China hit back at the United States on Wednesday with proposed tariffs on $50 billion worth of American goods, covering a significant amount of products that it buys from the United States.  Earlier this week, China proposed tariffs on $3 billion worth of American goods in retaliation for American tariffs on steel imports. Together, the tariffs account for about a third of China’s American imports.

Moving with unusual speed, China’s Ministry of Commerce said on Wednesday it plans to impose 25 percent duties on soybeans. China is the top buyer of U.S. soybeans.  New tariffs will make it more costly to import 106 types of American goods into China, including other U.S. agricultural commodities such as wheat, corn, cotton, sorghum, beef, frozen orange juice, tobacco, and even whiskey.

China’s plan to institute new tariffs was announced soon after the Trump administration outlined its own protections on a similar value of Chinese-made aircraft parts, cars and car parts, plastic, aerospace products, televisions, steel and more.

China’s new tariffs cover a significant chunk of what it buys from the Unites State. The proposed tariffs of $50 billion, together with the tariffs on $3 billion worth of products earlier this week, account for about a third of China’s American imports.

The United States imports significantly more from China, tariffs on the same amount of products make up roughly one-ninth of its Chinese imports. This could give the United States more room to identify other Chinese products to target.

The new measures have sparked concern that the dispute could widen further, hurting jobs and growth in both countries. However, the U.S. and China are now indicating they are willing to negotiate on escalating frictions.

“External pressure will only make the Chinese people focused on economic development.” said Zhu Guangyao, vice minister of finance, at a news briefing. “However, China’s attitude is clear,” Zhu said.  “We don’t want a trade war because a trade war would hurt the interests of both countries.”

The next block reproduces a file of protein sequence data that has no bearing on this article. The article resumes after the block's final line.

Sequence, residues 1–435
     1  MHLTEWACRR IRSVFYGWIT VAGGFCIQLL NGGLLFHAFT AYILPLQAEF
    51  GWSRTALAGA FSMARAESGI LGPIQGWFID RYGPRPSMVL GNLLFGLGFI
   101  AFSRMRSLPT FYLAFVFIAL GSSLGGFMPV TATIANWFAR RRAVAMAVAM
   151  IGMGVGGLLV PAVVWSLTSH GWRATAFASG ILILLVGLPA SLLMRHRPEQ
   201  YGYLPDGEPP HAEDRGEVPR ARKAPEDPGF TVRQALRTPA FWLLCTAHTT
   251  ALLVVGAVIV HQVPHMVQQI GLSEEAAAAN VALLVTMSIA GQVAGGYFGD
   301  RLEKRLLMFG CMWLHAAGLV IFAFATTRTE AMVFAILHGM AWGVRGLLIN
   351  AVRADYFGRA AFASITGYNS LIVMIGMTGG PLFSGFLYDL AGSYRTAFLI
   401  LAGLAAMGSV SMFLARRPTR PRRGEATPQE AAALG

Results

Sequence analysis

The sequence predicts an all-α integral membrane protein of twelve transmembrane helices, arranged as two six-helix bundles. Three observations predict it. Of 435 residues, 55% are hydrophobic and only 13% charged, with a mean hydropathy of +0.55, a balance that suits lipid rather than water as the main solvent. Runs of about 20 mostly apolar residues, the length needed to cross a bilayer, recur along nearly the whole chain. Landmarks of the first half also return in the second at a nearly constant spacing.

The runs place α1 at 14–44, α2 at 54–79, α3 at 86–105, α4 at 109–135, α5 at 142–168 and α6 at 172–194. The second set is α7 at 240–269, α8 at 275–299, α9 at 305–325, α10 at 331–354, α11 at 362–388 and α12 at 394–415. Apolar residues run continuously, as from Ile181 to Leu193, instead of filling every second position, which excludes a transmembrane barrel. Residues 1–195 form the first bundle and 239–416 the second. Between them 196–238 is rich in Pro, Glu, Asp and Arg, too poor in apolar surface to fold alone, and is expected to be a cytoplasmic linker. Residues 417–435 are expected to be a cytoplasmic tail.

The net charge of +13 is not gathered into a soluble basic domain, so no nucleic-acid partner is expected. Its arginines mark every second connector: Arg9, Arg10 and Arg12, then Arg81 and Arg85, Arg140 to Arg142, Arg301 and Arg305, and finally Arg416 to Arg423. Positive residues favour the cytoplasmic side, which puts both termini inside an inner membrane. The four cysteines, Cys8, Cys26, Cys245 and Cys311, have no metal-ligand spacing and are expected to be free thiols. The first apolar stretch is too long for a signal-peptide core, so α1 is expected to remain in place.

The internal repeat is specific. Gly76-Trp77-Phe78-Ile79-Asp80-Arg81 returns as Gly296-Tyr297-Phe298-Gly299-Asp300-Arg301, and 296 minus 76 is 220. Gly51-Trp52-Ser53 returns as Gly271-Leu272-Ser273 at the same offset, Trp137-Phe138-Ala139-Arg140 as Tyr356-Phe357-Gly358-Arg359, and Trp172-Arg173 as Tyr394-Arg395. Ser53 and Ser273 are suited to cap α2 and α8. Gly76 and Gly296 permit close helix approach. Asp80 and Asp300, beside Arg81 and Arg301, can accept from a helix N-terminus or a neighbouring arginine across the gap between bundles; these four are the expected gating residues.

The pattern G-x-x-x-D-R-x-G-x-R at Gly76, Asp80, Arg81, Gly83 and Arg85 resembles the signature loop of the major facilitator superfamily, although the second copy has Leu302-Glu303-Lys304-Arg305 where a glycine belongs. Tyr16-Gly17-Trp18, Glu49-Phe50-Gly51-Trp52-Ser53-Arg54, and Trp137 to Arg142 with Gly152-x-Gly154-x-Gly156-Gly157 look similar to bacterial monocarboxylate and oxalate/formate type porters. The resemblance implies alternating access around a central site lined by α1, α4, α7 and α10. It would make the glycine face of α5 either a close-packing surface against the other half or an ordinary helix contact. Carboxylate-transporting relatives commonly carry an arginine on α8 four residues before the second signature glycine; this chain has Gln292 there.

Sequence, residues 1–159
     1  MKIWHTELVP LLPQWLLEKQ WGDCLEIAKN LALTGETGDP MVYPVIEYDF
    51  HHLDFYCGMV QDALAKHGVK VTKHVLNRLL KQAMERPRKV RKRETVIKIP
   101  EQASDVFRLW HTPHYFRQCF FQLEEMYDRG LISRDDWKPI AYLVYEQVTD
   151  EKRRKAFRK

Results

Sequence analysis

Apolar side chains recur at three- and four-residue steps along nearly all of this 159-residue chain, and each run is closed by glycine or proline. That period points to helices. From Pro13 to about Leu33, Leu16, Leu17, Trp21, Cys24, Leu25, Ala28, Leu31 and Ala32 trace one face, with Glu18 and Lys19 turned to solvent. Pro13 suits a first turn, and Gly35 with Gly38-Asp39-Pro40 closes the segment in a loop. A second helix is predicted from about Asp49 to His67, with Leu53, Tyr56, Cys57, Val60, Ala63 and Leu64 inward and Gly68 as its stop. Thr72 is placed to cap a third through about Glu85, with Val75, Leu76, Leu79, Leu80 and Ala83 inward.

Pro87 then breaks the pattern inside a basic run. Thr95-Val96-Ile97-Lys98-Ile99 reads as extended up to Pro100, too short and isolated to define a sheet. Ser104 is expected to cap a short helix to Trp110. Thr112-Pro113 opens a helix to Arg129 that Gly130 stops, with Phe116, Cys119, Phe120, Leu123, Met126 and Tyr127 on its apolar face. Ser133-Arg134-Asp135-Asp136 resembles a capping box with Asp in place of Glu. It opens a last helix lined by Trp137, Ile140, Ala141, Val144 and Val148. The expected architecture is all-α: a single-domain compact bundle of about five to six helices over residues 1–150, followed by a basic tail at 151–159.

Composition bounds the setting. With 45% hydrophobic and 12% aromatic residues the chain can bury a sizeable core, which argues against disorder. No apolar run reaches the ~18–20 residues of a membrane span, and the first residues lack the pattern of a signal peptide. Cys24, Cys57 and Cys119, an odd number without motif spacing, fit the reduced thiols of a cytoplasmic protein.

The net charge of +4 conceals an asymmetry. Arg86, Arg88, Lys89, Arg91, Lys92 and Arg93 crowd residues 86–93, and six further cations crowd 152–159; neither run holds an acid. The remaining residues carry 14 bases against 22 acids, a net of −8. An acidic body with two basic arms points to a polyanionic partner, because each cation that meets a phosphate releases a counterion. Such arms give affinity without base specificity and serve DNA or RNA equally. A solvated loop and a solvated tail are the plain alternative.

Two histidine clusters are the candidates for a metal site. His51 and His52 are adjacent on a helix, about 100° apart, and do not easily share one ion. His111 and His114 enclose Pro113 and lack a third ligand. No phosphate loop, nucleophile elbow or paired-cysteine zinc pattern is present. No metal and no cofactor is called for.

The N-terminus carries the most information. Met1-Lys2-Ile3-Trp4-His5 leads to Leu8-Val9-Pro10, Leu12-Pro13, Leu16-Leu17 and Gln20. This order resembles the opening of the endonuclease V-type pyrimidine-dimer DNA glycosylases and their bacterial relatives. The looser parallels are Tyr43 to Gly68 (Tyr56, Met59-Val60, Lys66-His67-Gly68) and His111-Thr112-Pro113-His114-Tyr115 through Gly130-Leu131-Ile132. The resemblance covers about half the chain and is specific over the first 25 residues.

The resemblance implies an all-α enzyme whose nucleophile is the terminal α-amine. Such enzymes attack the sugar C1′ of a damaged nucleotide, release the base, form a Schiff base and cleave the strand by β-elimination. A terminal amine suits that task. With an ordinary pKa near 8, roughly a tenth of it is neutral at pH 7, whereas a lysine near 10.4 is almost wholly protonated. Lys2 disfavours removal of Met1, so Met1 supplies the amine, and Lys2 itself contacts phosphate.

Neither set of tariffs go into effect right away and he exact timing of the Chinese measures is not yet clear. The U.S. is allowing 60 days for public feedback and has not specified when the tariffs would take effect, leaving a window open for talks.  The question now appears to be as to whether the two sides will intensify their efforts to punish one another before they sit down to negotiate.

Chinese officials have appealed to the World Trade Organization to resolve the feud. However, both sides risk censure by the WTO, the Trump administration for its tariffs and China for swiftly retaliating without a proper review.

The Chinese and U.S. tariffs still do not impact the majority of trade between the two countries, which is valued at nearly $650 billion a year. However, economists say that the clash could escalate quickly if the two countries fail to find a way to quickly resolve their differences, threatening a commercial relationship that is essential to the world economy.

 

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